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Suffering has purpose

Are some tragedies impossible to overcome? 

I’ve asked myself this question many times, and parts of me say, no.  All suffering is reconcilable.

Other parts say, yes. There is unfathomable misery in the world; how can one possibly extrapolate any good from it.

It’s an odd concept, thinking that suffering can be meaningful, even purposeful.

The idea that our darkest hour of immeasurable pain can be useful or pull us toward something brighter seems like a quagmire we’d prefer to avoid. 

But we shouldn’t. 

It feels good to feel good.

Happiness, joy, excitement: these feelings all have backstories, and we’re more likely to pursue activities and people that give us these feelings because of our attachments to these stories. 

Imagine the time you hiked to a glacial waterfall mid-summer with a person you were falling in love with. 

This would have been a magical experience that you undoubtedly try to simulate over and over again in different ways because of how amazing it felt. Picnics on the beach, rock climbing, skiing, bike riding. Anything that looks even remotely like that magic is something we want more of, naturally. 

But experiences and relationships aren’t static.  Happiness isn’t a fixed state. Eventually, something happens to fracture that state and we are left to negotiate the outcome.  

Sometimes yoga and a good cry with a friend is all it takes to repair what’s been broken. Other, it’s not as smooth a transition, and all the meditation and walks and downward dogs and workouts in the world don’t make much of a difference. 

Sadness, anger, heartache, grief: these feelings are energies, too, much like happiness, and they have power and intensity not because of what they are innately, but because of the stories we attach to them.

All emotions have a storyline, and it’s this narrative that drives the meaning behind our feelings.

So what do we do with uncomfortable feelings? 

  • Avoid them? 
  • Bury our heads in the sand and pretend they don’t exist?
  • Numb them with drugs and alcohol, food or sex, shopping or social media?  

Yes. That’s often what we do.  Far too often, we choose to get as far away as possible from pain and suffering, even if we’re not really aware that’s what we’re doing.

We make poor decisions to Band-Aid a gaping wound. Does the problem get solved? Does the root issue of that pain go away? No, it doesn’t. 

If anything, the pain gets more intense and more insurmountable and we have to work that much harder to keep the feelings at bay. 

Temporarily things may get better, but unresolved issues and pain have a nasty way of resurfacing.

So what should we do with uncomfortable feelings?  What is a more effective way of coping with discomfort, suffering and pain?  Ready for it?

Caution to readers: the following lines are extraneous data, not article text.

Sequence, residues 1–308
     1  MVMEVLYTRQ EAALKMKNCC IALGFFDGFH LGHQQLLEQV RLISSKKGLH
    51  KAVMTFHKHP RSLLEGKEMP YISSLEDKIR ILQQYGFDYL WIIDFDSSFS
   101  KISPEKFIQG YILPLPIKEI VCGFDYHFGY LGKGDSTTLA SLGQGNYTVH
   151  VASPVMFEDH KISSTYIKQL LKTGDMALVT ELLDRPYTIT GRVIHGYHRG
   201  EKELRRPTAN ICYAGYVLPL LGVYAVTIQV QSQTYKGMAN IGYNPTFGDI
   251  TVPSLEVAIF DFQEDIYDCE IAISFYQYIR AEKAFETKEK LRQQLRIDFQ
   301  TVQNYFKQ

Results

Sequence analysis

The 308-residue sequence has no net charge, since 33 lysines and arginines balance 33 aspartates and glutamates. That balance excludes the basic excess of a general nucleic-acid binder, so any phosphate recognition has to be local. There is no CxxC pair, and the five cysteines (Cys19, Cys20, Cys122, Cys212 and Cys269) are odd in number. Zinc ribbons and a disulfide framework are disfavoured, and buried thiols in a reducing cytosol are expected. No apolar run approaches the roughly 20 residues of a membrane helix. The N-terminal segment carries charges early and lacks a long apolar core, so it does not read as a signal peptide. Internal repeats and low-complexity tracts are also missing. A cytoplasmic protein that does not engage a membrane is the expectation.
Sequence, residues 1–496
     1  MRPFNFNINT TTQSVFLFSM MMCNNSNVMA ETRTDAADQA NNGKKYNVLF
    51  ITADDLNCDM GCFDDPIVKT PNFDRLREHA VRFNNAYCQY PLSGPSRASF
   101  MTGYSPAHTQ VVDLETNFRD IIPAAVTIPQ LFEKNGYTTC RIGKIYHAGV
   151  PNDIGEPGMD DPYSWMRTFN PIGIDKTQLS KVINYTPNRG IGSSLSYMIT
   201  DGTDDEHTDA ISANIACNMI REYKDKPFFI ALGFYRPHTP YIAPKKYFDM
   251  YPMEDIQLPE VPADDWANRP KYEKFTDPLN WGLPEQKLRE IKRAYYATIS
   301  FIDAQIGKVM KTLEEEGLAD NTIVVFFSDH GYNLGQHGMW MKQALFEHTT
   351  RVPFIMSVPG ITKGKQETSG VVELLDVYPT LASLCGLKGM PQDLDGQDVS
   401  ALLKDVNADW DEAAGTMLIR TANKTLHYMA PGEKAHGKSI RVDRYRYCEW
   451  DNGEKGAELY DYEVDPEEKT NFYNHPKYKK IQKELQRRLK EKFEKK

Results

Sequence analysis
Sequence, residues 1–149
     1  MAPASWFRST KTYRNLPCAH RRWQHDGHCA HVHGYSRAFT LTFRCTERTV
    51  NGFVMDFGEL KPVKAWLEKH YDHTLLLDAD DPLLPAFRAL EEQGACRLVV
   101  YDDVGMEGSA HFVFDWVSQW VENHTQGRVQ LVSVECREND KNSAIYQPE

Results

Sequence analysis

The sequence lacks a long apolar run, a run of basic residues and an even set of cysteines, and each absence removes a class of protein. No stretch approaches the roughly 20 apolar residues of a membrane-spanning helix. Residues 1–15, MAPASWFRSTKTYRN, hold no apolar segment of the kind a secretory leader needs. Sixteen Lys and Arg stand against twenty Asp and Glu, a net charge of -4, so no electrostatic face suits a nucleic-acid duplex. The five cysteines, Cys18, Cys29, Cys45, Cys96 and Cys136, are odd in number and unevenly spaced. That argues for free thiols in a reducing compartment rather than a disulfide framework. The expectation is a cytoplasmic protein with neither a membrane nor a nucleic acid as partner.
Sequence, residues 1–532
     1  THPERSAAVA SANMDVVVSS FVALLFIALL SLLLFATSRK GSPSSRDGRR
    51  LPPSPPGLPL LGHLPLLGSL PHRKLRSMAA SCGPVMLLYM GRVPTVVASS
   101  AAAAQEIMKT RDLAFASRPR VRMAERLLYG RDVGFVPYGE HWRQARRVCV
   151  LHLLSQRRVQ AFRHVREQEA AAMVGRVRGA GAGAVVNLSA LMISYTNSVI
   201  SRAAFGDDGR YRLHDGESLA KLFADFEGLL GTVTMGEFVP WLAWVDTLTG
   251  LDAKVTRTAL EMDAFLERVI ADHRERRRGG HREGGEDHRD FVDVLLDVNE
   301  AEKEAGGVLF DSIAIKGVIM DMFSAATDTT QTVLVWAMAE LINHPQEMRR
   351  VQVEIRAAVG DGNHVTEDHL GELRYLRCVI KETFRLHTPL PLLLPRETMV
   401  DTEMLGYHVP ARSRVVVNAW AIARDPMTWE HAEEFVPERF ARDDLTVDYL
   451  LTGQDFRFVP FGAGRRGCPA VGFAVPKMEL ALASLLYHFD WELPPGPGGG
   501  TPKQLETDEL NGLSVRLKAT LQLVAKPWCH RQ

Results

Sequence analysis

Lean into it. 

Leaning into our discomfort means coming to a place of acceptance with our discomfort, and giving permission to ourselves to allow those feelings to be, just as they are. 

Leaning into our sadness or anger or grief means allowing those feelings to bubble over, to give them space to simmer down, to feel them melt away. 

Leaning in means to find a way to befriend our pain, so that we can hold hands with it, make peace with it, maybe even eat cake with it. 

It’s less scary then. The stories we make up about how hard it is to feel our pain keep us trapped, keep us from actually experiencing pain presently and without fear. 

When we can start paying attention to our feelings, we are free. 

OK, you say. I’m ready to eat cake with my ghosts. I’m ready for the thaw. Now what? 

If your feelings are overwhelmingly intense and coupled with thoughts of suicide or self-harm, you’ll absolutely want to start exploring your pain with a professional. 

Safety is key with exploring unknown or feared territory, and a mental health professional can be a great guide. 

Remember, slow and steady wins the race. The goal is not to rip off the Band-Aid; the goal is to release the pressure valve little by little and build resilience over time. 

If you’re not into seeing a therapist, perhaps you have a trusted friend or family member you can confide in.  Depression, anxiety, trauma: they are all starved by social engagement. 

The more you can reach out, connect, and start talking, even just little bits, the better off you’ll start to feel. 

And if you’re not ready to open up to a friend or family member, perhaps you can join a support group or utilize the crisis lines. 

Finally, if none of these options sound good to you, put your pain in a canvas or a song or a story, or take it to nature. Take that pain and create something with it; the energy has to go somewhere.     

When we’ve given our feelings a platform and can bear witness to them safely and with an open-mind, we become stronger.  

As a result, we learn new things about ourselves and the world around us. 

We may learn to identify patterns of unhealthy decision-making that motivate us to make a career change, or leave a toxic relationship. 

We may learn to be more comfortable with being alone.

We may learn to be more inclusive and less judgmental of others, whereby enriching our connection to the community.